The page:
Biographical Sketch of Kate Marie Simpkin

Biographical Database of NAWSA Suffragists, 1890-1920

Biography of Kate Marie Simpkin, 1867-1912

By Patricia Lyn Scott, independent historian, co-editor, Women in Utah History: Paradigm or Paradox? Logan, UT: Utah State University Press, 2005.

Member, Utah Council of Women, Legislative Committee.

Kate Marie Stryker was born on February 28, 1867 in Joliet, Illinois, the oldest of six children of Jacob and Anne Kimbell Stryker. She was educated in the schools of Joliet and Streator, Illinois. On July 9, 1890, she married Peter Atherton Simpkin (1866-1930) in Chicago. He was born in England, came to the U.S. in 1887, and settled in Chicago where he studied for the ministry. They became the parents of three children: Grace Alice Simpkin (1891-1951), Joseph William Simpkin (1892-1957), and John Mark Simpkin (1894-1962).

Reverend Simpkin accepted his first pastorate in the Methodist Episcopal Church in Wisconsin. When the weather proved unhealthy for her, they accepted a position at the new Congregational Church in Gallup, New Mexico. In February 1901, he took his final post as pastor of the Phillips Congregational Church in downtown Salt Lake City, Utah. Parson Simpkin became well-known as a "gentleman and scholar," a caring, compassionate counselor, and a forceful speaker. While Kate M. Simpkin was described as modest and retiring, she became very active in civic and philanthropic organizations. She was known as a brilliant conversationalist and a forceful public speaker. She served as a director of the local Young Women's Christian Association and a prominent member of the Woman's Christian Temperance Union and the Utah Federation of Women's Clubs. Her health, which had been compromised for years with a weak heart and later kidney disease, worsened in 1912 and her physician recommended her relocation to a lower elevation. Since her father had moved to Ridgefield, Washington, she visited him and died there unexpectedly on October 8, 1912.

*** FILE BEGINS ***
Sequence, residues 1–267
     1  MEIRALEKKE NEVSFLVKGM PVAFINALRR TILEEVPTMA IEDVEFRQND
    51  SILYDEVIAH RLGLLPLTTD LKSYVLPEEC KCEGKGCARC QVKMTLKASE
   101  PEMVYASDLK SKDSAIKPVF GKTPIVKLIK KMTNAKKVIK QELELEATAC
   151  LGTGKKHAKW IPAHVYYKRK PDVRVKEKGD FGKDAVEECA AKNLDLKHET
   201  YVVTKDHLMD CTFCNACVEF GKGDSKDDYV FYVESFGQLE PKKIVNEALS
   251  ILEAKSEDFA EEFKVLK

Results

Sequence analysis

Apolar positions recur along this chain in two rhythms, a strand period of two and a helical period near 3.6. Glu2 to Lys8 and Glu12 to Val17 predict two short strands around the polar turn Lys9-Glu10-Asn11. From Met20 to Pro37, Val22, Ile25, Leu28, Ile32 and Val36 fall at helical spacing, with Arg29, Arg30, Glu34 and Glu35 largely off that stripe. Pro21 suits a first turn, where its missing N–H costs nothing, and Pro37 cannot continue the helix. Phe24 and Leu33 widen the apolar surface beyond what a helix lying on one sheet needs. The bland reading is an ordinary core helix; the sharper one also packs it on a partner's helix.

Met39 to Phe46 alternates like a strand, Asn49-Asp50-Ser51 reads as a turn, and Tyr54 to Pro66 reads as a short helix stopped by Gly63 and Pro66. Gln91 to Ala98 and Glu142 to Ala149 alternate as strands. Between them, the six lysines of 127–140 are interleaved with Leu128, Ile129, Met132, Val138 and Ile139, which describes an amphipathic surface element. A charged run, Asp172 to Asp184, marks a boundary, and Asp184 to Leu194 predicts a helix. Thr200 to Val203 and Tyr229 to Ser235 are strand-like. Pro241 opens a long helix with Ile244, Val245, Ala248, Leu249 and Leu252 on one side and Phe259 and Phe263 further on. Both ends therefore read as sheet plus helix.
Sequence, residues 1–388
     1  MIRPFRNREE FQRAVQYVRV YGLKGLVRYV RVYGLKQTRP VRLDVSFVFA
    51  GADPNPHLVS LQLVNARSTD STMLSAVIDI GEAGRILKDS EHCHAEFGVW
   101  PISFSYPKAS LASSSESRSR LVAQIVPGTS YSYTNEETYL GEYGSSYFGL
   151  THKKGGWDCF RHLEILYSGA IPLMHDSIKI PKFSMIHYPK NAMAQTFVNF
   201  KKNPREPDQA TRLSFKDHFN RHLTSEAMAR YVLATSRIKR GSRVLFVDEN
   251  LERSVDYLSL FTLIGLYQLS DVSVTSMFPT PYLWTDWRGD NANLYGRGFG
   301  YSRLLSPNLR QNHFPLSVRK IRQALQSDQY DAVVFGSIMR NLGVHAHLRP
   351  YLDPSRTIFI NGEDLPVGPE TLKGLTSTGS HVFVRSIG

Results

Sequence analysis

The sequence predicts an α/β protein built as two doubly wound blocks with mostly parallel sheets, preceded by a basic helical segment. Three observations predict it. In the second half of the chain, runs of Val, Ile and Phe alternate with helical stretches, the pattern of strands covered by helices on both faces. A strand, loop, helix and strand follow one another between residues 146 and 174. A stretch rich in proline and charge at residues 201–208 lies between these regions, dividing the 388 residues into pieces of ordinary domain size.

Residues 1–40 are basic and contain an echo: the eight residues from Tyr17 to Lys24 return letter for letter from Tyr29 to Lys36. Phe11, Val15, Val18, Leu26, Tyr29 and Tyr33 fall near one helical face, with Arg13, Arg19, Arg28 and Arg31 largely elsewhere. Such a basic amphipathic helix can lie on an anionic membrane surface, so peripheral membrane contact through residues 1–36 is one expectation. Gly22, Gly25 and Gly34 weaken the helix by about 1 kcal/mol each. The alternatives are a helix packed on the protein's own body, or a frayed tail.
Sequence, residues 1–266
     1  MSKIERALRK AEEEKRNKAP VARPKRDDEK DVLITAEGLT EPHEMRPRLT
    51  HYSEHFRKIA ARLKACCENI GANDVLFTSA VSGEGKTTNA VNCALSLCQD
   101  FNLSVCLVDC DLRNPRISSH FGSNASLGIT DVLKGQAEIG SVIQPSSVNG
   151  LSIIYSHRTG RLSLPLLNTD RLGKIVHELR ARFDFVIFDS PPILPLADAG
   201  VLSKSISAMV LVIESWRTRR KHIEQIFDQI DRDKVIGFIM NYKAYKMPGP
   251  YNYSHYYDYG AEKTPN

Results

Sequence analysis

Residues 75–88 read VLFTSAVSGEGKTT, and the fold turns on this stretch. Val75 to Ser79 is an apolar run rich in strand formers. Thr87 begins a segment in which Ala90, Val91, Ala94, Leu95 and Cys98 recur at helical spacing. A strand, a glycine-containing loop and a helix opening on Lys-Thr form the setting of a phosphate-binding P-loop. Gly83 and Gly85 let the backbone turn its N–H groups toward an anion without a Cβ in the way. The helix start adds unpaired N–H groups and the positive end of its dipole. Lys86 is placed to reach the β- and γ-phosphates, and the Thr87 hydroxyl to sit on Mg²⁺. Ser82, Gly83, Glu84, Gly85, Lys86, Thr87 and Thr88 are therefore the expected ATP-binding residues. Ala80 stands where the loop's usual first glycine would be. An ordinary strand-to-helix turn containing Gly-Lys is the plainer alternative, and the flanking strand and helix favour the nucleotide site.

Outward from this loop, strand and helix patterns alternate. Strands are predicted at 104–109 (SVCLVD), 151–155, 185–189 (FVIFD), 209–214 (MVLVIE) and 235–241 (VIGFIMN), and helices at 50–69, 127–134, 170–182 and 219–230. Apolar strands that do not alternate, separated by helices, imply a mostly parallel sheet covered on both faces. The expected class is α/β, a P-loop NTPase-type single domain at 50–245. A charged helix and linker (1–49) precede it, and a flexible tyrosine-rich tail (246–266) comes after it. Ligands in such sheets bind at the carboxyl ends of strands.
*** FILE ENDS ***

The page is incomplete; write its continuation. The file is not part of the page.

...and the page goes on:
While she arrived in Salt Lake City after Utah women had won their suffrage, she served on the Legislative Committee of the Utah Council of Women representing the Utah Federation of Women's Clubs. Between 1911 and 1917, this committee identified and secured copies of laws already operating successfully in other States. Their work was submitted to attorneys for review and recasting for submission to the State Legislature. Those measures were used to improve the lives of women and children in Utah.

SOURCES:

Ancestry.com. Cook County, Illinois, Marriage Index, 1870-1920. [Database on-line]. 2011. Accessed: 1/31/2018.

Ancestry.com. Manchester, England, Non-Conformist Births and Baptisms, 1758-1912. [Database on-line] Provo, UT: Ancestry.com Operations, Inc., 2014. Accessed: 1/31/2018.

Gates, Susa Young. "The History of Woman Suffrage in Utah," Battle for the Ballot: Essays on Woman Suffrage in Utah, 1870-1896. Carol Cornwall Madsen, ed. Logan: Utah State University of Utah Press, 1997.

"Mrs. Kate Simpkin Dies," Oregonian (Portland, Oregon), October 11, 1012, 3.

"Mrs. Kate Simpkin Passes Away After Lingering Illness," Salt Lake Herald, October 9. 1912, 2.

"Mrs. P.A. Simpkin Dies in Northwest of Heart Trouble," Salt Lake Tribune, October 9, 1912, 1.

"Parson Simpkin Completes Eighth year of Pastorate," Salt Lake Herald, January 9, 1909, 10.

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